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Stuck in the Middle with You: The Middle Matters

This is the second in a three-part series exploring mid-level leadership development. In part one, I discussed the risks of assuming all mid-level leaders are the same, and the necessity to understand the development priorities of mid-level leaders in the context of their unique and specific business drivers and priorities.

By Mark Busine

Mark Busine

While mid-level leaders face challenges unique to their specific roles, we also know they confront challenges common to all leaders at their level. According to Maximising Middle Managers (Bersin & Associates, 2011), organisations that focus on developing their middle leaders in the areas of communication, managing change, and coaching (specifically) can expect improved, positive impact on engagement, retention, and teamwork.

Stuck in the Middle with YouOver the years I have worked with many organisations locally and internationally. I have also met one-on-one with hundreds of mid-level leaders and heard them describe the challenges they confront on a daily basis. While the descriptions and contexts of these challenges may vary, the themes remain consistent.

Drawing on research and my personal experience, I see the following as some of the more common challenges:

  • Navigating flatter and matrixed organisational structures, building relationships over and over again (as stakeholders change with each restructure), and influencing others to get the commitment necessary to drive results.
  • Constantly needing to refocus teams to keep them engaged and change-ready versus change-fatigued. Energising themselves and their teams to keep the “BAU” (Business as Usual) activities going, while concurrently implementing initiatives in support of transformational change. Leaders at this level are often asked to lead changes whilst also being recipients of the change.
  • Working around the clock across multiple time zones and cultures. Managing diverse teams of people at different career stages, and with different motivators, career expectations, and engagement drivers (e.g., generational and cultural differences).
  • Making decisions and judgments about how to execute a strategy and/or make sense of it in the context of their particular business domain. Engaging others in that strategy and mobilising the resources behind it.
  • Managing themselves in an environment of constant volatility, uncertainty, change, and ambiguity (VUCA).

These challenges are big, and most of the skills required to overcome them are not necessarily acquired or honed at lower leader levels. They are often new skills that require significant focus and development, and include areas such as leading change, influencing, coaching coaches, strategic thinking, and executing strategy.

Mid-level leaders admit that they are struggling. In fact, a DDI study found that only one in 10 mid-level leaders report feeling well-prepared to meet the challenges of their roles. Similarly, the Aberdeen Group (2013) found that 46 percent of executives believe that the great leadership gaps exist at the mid-level. Our own mid-level assessment data also points to significant gaps in these areas. So, what are organisations missing when it comes to developing this leader group? Structuring development experiences for the mid-level requires a different approach, one which my colleague Jim Kauffman recently addressed in Outside Looking In (T + D, June 2014). Jim identified three key characteristics of effective mid-level leader development programs:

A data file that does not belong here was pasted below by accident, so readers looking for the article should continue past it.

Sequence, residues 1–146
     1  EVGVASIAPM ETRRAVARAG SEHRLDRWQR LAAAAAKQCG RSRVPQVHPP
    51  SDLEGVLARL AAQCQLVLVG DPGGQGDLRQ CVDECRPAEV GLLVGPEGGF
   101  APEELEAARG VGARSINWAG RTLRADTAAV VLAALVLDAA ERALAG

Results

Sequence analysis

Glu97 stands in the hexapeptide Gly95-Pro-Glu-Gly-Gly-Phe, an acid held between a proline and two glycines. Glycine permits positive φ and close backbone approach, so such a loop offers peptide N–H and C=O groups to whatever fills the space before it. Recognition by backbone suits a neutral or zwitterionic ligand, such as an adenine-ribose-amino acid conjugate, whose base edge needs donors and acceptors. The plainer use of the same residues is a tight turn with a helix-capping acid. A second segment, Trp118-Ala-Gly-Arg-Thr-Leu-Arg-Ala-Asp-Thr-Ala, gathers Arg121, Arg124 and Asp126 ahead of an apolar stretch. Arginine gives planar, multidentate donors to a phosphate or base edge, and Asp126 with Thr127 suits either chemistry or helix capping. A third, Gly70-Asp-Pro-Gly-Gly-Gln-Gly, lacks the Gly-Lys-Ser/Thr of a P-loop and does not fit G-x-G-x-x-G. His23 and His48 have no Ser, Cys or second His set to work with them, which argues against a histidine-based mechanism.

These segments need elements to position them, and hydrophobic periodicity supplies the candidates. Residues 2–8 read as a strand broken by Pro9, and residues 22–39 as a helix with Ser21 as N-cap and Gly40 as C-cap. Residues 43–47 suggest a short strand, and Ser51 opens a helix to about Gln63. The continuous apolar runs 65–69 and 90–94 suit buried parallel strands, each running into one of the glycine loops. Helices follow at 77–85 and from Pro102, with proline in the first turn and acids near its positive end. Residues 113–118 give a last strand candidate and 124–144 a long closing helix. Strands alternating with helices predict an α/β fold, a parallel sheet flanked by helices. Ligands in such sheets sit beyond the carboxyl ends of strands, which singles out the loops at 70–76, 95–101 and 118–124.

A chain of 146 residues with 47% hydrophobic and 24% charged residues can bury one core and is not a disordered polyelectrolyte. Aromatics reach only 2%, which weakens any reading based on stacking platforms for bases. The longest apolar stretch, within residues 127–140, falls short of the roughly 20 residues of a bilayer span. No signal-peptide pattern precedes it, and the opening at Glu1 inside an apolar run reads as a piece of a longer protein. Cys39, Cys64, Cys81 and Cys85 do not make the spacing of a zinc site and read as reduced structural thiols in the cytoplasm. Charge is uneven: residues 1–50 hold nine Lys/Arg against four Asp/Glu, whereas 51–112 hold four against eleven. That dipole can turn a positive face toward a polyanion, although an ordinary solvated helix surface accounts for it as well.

• Insight-based learning. Because they have moved beyond foundational skill development, mid-level leaders require learning that focuses less on absorbing content and more on gaining insights into new ways to confront work challenges.
  • Peer learning. Mid-level leaders come to a training event armed with experience and valuable perspectives gathered from across the organisation. The opportunity to share these experiences with peers provides a rare opportunity to share the tacit knowledge of the organisation, and enrich the development experience.
  • Integration of execution and learning. Mid-level leaders want immediate results; they want to test and develop their new knowledge while they are still in the classroom. To accomplish this, participants should be asked to work on actual job challenges.

Currently, we are in the midst of a “perfect storm,” within which senior leaders are relying upon their mid-level leaders to do more, mid-level leaders are feeling overwhelmed and under-equipped, and HR groups are struggling to find the resources and solutions necessary to fill in the gaps. As noted in the first article of this series, identifying and executing the “right” development at this level can be difficult. The differences that exist across this group can make it hard to pinpoint common development priorities. Development that focuses on the common challenges and capabilities identified here—whilst adopting instructional approaches that speak to the needs and nuances of individual mid-level leaders—will go a long way toward building strength in the middle.

Coming up next in part three of Stuck in the Middle with You, I will address actions that organisations can take to ensure a robust and effective transition to mid-level leader roles.

DDI’s Business Impact Leadership® (BIL) is a suite of high-impact courses specifically designed for mid-level and senior leaders. BIL will prepare your most critical leaders to meet leadership challenges and drive successful strategy execution by accelerating their development and equipping them to step into more-senior roles.

Mark Busine is managing director for DDI Australia.

Posted: 07 Aug, 2015,
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